One couple is taking gender equality to a whole new extreme – saying they’re raising their “theyby” (nope, not a BAby, a “THEYby”) to be so gender-neutral, even his/her/its own grandparents weren’t allowed to know the kid’s biological gender.
Seriously. They’ve even made a whole website about it.
Brent and Kyl (who are a man and a woman, in case anyone’s already tripped up), say they wanted to raise their child, named Zoomer, to be totally free of gender stereotypes, even to the point of not allowing the outside world to know what cash ‘n prizes their kid had been born with. And they came up with this newfangled idea, unsurprisingly, when Kyl was a gender studies student at school.
A gender-studies student at the University of Utah at the time, Myers understood gender to be not a biological imperative but rather a social construct.
“I had read the stories about Storm, I had seen the comments, and I just thought, I have such a different experience with the world and a different idea about gender than these people do. Sure, there are biological differences among the sexes, I get that. But once I was exposed to it, I couldn’t unsee or unlearn that gender is a social construction.”
To pull this off, the couple shops for clothes and toys in both the girls’ and boys’ sections of the store, calls other people “they” instead of girls and boys, and makes sure to never, ever use a gendered pronoun in reference to their child.
Even the kid’s own grandparents reportedly didn’t know what their grandchild was until Zoomer’s parents were convinced they wouldn’t trip up and use the wrong pronouns.
“I think our parents might have been concerned that a gender-creative child didn’t align with their hopes of grandparenthood,” Myers told The Cut. “I think they might have thought that we were taking away valuable experiences from them, like bathing their grandchild. We helped them understand that of course they could eventually know Z’s sex; we just wanted them to understand how important it was to us to parent this way.”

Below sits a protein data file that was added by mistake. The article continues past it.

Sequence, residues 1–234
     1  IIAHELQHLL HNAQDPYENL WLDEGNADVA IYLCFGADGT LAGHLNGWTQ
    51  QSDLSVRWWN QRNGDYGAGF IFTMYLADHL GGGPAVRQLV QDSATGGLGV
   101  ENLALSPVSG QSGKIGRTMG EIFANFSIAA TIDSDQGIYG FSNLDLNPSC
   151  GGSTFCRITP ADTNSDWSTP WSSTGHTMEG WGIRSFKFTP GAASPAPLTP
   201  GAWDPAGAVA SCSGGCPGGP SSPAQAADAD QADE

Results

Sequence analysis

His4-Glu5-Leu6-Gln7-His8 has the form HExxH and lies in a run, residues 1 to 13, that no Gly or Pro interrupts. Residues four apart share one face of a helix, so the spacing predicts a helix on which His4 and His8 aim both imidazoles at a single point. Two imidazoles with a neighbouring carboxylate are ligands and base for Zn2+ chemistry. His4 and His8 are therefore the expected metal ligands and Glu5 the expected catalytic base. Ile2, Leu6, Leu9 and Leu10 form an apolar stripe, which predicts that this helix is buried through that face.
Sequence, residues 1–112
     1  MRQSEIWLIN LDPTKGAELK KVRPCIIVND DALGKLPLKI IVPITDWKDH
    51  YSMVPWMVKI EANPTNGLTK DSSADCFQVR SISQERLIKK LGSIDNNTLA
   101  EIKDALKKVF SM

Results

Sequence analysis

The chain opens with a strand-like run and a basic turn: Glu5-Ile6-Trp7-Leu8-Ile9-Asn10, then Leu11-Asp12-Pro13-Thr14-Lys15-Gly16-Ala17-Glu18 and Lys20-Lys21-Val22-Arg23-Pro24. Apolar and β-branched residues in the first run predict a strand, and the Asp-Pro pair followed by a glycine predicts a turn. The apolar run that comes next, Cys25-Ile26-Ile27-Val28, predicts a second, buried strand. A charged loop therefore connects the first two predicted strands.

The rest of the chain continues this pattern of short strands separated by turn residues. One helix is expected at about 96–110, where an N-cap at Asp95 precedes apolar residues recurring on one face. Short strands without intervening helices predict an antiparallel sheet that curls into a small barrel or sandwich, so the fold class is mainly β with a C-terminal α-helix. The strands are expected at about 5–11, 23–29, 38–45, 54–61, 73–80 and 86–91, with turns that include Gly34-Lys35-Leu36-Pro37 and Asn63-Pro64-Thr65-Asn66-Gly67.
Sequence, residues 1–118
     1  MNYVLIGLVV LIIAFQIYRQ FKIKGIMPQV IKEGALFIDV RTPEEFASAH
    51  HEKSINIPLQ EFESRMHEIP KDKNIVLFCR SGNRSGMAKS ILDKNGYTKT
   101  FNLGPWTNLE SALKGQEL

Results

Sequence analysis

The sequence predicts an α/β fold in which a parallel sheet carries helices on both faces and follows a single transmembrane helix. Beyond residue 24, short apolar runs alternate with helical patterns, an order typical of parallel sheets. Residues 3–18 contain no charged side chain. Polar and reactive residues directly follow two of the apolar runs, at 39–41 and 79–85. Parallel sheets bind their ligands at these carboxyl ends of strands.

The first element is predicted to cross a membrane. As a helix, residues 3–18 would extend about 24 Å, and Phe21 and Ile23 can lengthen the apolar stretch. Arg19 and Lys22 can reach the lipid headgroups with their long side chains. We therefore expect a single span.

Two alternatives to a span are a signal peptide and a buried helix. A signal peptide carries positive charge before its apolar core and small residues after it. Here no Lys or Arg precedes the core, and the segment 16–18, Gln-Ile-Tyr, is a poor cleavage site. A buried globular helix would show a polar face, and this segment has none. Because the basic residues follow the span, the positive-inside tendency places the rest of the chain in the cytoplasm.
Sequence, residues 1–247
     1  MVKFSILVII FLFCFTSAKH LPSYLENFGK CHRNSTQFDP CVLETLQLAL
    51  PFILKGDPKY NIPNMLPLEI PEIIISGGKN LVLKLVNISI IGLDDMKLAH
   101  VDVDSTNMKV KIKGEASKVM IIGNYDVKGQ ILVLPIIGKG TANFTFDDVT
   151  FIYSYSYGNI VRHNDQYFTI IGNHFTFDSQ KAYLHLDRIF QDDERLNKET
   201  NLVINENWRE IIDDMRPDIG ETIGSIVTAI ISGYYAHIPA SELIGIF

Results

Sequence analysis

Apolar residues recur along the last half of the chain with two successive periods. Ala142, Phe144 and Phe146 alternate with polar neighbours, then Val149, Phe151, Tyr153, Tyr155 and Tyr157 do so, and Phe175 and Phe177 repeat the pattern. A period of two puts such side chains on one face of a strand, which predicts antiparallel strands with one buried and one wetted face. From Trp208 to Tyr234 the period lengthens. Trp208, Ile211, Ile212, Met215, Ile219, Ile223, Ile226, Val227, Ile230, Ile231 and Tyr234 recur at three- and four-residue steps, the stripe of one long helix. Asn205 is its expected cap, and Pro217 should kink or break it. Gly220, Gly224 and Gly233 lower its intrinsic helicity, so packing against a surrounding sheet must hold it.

And guess how all that’s working out?
Well, other than probably all kinds of confusing to poor Zoomer, not so great. The Cut explains that despite his/her parents best efforts, little Zoomer is already starting to say “Dada” when he sees other men on the street, understanding that these men – and not their female counterparts – look like his own father.
“Zoomer does point to other people and say ‘Mama’ or ‘Dada,’ ” Myers said. “So they have picked up on the differences between their dad and me and are recognizing similarities that I have with other women and their dad has with other men.”
So if gender is a social construct, one from which you are shielding your child to the point of shunning your own family, then how is it that your infant can pick up on the inherent differences between men and women before you’ve even introduced those words into his/her vocabulary?
Thought: probably because gender isn’t a social construct at all.